BEIRUT, July 9 (Reuters) - A massive car bomb ripped through a Beirut stronghold of Lebanon's Hezbollah militant group that has been fighting alongside President Bashar Assad in Syria's civil war, wounding 53 people on Tuesday.
None of those hurt were seriously wounded, Health Minister Hassan Khalil told Reuters, and there were no fatalities.
Sectarian tensions in Lebanon have been high following the intervention of the Shi'ite Muslim Hezbollah in support of Assad's forces fighting a two-year revolt led by Syria's Sunni Muslim majority.
There was no immediate indication of who was behind the blast, the worst such attack in years, which came as forces loyal to Assad are making gains on the battlefield and as Sunnis and Shi'ites clash in Lebanon.
But residents in the Shi'ite district blamed Sunni militant supporters of the insurgency against Assad, while politicians also suspected a sectarian motive.
"This is the work of agents trying to create strife in Lebanon," Hezbollah parliamentary deputy Ali Meqdad said at the site of the explosion.
Interior Minister Marwan Charbel said the attack was "a criminal act aimed at destabilising the country and creating Sunni-Shi'ite sectarian strife". President Michel Suleiman said it reopened the "black pages" of Lebanon's civil war.
Syria's conflagration has spread to Lebanon, where there have been outbreaks of fighting reflecting the renewed sectarian tension now spreading through the Middle East.
Lebanon's Sunni Muslims mostly support the rebels in Syria, while Shi'ites have largely supported Assad, who is part of the minority Alawite sect, an offshoot of Shi'ite Islam.
Sunni militant groups have threatened to attack Hezbollah following its military intervention in Syria. Hezbollah did not immediately respond to Tuesday's blast but it has made clear it intends to keep fighting alongside Assad's forces in Syria.
A Reuters reporter saw a large fire raging at the site of the blast near a shopping mall in Bir al-Abed, an area that is also home to Hezbollah officials and their offices. It was unclear if any of the group's leaders had been in the area.
A pillar of dense black smoke billowed above surrounding high-rise apartment blocks. Ambulances and fire engines sped through the streets to rescue casualties.
Dozens of cars were ablaze in the parking lot where the car rigged with explosives was left. Reuters and other media outlets were prevented from reaching the area, where Hezbollah gunmen allowed only the group's Al Manar TV to operate.
Images from the scene showed a crater covered by a blue tarpaulin and surrounded by wrecked cars. Hezbollah men with red caps and yellow arm-bands set up a security cordon around the blast scene along with Lebanese soldiers.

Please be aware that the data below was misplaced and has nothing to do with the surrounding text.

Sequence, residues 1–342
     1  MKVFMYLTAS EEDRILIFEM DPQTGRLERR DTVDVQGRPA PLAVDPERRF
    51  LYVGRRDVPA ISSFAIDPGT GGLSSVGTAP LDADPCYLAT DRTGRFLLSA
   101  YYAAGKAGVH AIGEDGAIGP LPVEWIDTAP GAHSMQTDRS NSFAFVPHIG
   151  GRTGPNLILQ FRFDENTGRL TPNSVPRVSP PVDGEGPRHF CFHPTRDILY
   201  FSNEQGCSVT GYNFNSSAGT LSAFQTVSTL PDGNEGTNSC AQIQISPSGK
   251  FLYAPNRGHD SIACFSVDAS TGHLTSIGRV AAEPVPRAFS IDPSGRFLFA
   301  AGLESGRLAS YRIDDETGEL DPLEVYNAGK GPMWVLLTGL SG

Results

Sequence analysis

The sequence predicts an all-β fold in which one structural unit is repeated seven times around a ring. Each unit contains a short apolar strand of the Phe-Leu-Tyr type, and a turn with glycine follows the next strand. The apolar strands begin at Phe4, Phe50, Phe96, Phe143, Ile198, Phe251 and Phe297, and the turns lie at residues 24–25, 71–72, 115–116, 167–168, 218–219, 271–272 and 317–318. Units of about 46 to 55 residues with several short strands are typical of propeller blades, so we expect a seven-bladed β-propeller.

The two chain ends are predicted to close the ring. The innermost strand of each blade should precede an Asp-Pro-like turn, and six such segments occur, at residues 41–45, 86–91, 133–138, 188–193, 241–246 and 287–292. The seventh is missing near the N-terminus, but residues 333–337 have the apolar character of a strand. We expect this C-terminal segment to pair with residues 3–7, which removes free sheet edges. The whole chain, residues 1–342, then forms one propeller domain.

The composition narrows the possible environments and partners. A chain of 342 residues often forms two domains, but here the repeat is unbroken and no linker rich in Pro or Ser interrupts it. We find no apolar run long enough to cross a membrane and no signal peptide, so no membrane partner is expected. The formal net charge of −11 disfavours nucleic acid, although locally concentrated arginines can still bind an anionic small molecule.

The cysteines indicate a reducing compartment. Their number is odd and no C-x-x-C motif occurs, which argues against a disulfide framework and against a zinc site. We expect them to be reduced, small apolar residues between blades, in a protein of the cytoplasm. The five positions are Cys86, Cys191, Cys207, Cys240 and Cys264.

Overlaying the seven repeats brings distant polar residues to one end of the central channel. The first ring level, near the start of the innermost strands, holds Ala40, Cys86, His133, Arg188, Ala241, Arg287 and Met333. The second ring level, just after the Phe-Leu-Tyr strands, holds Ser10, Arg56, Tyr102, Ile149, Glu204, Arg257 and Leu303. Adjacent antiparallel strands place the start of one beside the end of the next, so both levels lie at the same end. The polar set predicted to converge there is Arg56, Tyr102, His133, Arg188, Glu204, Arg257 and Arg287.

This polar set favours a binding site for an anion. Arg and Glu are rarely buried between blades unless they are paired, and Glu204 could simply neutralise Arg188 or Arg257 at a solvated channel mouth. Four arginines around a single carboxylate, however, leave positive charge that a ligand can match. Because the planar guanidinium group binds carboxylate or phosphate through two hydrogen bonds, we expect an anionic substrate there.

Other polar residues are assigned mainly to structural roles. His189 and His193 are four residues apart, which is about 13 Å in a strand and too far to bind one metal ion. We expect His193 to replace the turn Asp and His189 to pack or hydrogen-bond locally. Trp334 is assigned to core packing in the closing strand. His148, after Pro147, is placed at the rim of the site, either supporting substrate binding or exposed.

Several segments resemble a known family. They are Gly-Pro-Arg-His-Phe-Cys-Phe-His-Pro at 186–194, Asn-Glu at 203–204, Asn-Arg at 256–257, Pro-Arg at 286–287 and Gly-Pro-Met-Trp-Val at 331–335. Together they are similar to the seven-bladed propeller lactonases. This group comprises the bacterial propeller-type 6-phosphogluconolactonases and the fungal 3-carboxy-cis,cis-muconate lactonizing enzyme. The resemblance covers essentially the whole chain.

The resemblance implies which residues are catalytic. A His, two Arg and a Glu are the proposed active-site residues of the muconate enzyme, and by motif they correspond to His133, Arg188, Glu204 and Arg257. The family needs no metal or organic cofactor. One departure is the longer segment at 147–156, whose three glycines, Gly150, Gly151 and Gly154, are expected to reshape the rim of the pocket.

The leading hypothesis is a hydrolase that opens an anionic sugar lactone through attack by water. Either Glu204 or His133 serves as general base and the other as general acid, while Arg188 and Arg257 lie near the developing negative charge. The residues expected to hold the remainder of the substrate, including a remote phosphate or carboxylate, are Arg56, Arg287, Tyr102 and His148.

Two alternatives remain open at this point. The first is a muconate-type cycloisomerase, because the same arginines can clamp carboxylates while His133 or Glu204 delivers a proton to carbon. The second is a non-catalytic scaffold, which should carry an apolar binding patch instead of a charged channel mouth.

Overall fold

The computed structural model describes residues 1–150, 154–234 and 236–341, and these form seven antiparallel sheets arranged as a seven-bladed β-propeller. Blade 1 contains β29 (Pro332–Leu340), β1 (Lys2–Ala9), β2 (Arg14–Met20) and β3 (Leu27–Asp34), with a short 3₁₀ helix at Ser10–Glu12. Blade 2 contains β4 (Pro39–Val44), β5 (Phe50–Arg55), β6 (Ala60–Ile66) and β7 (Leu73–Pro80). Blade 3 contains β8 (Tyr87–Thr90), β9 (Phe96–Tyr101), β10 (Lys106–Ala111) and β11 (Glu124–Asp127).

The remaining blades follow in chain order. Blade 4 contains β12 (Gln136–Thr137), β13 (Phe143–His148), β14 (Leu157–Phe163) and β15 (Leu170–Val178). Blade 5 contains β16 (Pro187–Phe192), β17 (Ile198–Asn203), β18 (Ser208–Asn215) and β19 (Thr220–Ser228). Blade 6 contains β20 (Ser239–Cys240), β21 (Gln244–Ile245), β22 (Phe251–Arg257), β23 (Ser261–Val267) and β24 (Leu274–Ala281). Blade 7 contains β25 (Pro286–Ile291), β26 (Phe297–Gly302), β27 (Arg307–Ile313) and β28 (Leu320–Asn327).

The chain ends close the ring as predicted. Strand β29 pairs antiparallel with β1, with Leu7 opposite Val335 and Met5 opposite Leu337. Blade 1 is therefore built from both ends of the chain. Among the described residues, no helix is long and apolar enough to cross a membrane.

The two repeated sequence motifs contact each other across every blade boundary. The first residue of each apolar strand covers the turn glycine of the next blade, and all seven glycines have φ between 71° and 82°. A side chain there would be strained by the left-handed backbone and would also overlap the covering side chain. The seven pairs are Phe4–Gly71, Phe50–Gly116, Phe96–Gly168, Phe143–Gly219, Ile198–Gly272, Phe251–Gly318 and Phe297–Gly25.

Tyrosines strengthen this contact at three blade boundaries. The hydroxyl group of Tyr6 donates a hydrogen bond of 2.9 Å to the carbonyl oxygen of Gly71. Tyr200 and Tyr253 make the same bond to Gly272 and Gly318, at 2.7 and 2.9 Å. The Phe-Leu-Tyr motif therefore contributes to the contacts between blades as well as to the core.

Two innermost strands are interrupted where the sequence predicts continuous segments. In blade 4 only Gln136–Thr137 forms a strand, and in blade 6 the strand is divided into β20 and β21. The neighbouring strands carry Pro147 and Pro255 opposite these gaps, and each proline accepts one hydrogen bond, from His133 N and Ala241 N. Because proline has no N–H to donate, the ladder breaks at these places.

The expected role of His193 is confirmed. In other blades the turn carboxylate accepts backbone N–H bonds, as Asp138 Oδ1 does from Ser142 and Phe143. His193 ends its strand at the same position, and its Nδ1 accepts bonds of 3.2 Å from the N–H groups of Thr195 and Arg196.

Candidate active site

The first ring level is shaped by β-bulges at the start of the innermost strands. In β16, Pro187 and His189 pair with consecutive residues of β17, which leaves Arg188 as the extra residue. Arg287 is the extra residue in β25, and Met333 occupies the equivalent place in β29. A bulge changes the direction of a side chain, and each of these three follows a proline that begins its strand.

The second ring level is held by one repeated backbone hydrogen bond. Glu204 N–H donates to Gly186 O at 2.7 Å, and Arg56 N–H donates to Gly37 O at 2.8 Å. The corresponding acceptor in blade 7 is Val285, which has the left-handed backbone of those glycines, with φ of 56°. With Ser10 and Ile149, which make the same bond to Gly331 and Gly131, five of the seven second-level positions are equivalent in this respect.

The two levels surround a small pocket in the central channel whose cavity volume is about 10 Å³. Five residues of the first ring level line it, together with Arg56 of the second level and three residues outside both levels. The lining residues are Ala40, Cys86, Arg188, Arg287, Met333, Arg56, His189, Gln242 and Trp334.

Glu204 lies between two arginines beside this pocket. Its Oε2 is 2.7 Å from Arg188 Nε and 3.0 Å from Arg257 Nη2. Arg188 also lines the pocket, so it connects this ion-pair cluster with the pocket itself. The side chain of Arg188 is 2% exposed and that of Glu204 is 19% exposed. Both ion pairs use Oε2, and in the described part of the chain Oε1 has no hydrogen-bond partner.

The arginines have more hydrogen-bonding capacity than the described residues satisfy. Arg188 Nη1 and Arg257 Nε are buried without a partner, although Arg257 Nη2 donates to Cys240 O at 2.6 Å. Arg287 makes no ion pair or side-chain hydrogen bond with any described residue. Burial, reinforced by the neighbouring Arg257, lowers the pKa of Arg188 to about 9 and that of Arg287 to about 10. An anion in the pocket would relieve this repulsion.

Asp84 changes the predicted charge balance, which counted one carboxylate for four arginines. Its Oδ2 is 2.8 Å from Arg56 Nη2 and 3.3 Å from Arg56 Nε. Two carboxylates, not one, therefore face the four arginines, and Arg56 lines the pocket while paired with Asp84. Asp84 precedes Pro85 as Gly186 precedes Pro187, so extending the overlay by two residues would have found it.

Hezbollah gunmen were seen arresting two men near the scene.
Angry young men carrying pictures of Hezbollah leader Sayyed Hassan Nasrallah began shouting "God and Nasrallah".
Soldiers fired in the air to dispel crowds trying to attack interior minister Charbel, who has in the past declined to crack down on hardline Sunni groups in Lebanon.
Zeinab, a 45-year-old woman whose apartment opposite the blast site had its windows blown out, broke down in tears.
"I went to fetch breakfast for my son and then heard the explosion. I want to know he is OK. I want to talk to him."
Shopping areas would likely have been full on Tuesday, the day before the Islamic holy month of Ramadan begins. Most of the casualties were apparently women and children out shopping.
The attack is the second strike in Shi'ite southern Beirut this year. Two rockets struck the area in May.
No group claimed responsibility for Tuesday's blast but shocked and angry residents were quick to blame Sunni militants.
Hajje Alia, a 35-year-old woman clad in a black robe, said: "We have been expecting explosions in this holy month of Ramadan from the Takfiris (Sunni militants) who are trying to stop us from carrying out our holy war duties alongside our Syrian brothers, but nothing will stop us, not even 1,000 explosions."
The last car bomb to hit Beirut targeted a senior intelligence official in October. Wissam al-Hassan was part of the country's leading Sunni opposition party, which has supported the uprising in Syria.
Hezbollah leader Nasrallah has promised that his group will continue fighting for Assad after it spearheaded the recapture of the strategic town of Qusair last month.
Abu Ali, who lives near the blast scene, blamed what he called Sunni terrorists for the attack.
"They want to terrorize us. The scumbags. These terrorists want us to abandon (the leader of Hezbollah) but we swear we will love him more, for all our lives. All we own, and our children we pledge to him."
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